If I invest $100k into another property but use leverage so I only have $20k invested into it and generate $10k per year in pre-tax cash flow, my cash-on-cash return would be 50%.

As you can see from this example, leveraging OPM allows me to control larger assets and generate higher returns on my invested capital.


Real Estate as an Inflation Hedge

The fifth way to build wealth with real estate is through inflation hedging. Real estate has historically been a great hedge against inflation because properties typically keep up with inflation rates over time.

This means that if inflation increases by 3% per year on average over time, then so will the value of my properties as well as my rents (which means more income).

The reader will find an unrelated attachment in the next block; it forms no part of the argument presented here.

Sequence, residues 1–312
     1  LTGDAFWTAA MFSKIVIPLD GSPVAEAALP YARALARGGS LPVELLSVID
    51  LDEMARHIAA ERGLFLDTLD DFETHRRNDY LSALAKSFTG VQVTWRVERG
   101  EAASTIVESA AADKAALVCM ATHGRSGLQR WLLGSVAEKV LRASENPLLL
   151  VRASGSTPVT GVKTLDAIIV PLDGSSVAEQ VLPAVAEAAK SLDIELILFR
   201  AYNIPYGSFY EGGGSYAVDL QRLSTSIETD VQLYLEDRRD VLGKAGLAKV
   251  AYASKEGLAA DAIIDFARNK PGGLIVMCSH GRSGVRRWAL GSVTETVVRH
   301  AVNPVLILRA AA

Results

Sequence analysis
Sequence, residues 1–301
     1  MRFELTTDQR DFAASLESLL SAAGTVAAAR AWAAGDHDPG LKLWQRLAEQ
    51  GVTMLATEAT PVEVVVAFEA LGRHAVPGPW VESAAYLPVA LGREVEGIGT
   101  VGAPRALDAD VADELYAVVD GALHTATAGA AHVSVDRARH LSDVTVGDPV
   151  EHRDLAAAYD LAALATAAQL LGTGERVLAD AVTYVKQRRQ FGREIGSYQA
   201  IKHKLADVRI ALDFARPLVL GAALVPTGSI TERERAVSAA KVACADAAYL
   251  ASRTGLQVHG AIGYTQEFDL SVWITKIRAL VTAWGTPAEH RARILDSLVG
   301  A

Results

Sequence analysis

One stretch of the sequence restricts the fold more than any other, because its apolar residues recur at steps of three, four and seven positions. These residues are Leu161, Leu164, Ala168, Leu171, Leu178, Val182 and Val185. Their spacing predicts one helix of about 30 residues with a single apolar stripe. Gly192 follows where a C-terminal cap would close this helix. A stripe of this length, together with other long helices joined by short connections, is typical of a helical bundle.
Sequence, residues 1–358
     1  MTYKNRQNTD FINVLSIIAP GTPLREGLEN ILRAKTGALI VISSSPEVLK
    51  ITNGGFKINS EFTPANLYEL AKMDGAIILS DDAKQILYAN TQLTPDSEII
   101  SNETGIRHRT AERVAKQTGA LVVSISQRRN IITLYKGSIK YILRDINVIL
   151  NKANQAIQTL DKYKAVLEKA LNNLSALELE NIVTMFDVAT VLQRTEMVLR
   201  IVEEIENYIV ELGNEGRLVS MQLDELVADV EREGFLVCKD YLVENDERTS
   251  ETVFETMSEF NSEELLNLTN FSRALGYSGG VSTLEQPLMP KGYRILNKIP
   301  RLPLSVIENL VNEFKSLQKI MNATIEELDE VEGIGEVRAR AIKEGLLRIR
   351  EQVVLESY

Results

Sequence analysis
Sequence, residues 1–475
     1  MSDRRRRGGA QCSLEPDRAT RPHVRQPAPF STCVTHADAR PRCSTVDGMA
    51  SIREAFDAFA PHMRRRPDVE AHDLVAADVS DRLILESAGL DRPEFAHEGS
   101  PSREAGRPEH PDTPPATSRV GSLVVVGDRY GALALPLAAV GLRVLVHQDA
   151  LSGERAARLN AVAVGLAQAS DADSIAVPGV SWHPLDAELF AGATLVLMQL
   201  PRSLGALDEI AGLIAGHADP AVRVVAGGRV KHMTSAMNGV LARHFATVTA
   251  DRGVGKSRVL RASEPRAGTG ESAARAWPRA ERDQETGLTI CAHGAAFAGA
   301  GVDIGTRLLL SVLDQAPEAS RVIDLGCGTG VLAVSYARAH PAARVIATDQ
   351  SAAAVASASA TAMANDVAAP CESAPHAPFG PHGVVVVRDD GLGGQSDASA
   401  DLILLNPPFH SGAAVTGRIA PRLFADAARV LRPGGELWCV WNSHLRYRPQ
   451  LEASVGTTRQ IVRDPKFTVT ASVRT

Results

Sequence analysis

This also means that if I lock in a low fixed-rate mortgage today while inflation is low but interest rates are high (like they are right now), then I'm essentially hedging against future inflation because I'll be paying off my mortgage with cheaper dollars while earning higher interest rates elsewhere as inflation goes up over time.


Conclusion and Call to Action

In conclusion, those are five ways that real estate can help build wealth:

  • Appreciation
  • Depreciation
  • Cash Flow
  • Leverage
  • Inflation Hedging

If any of these concepts interest you or if you want to learn more about how to build wealth with real estate or any other topic related to personal finance or investing, please check out Whiteboard Finance University using the link below:

Whiteboard Finance University

Use discount code "REI20" for 20% off membership!

Thank you so much for reading!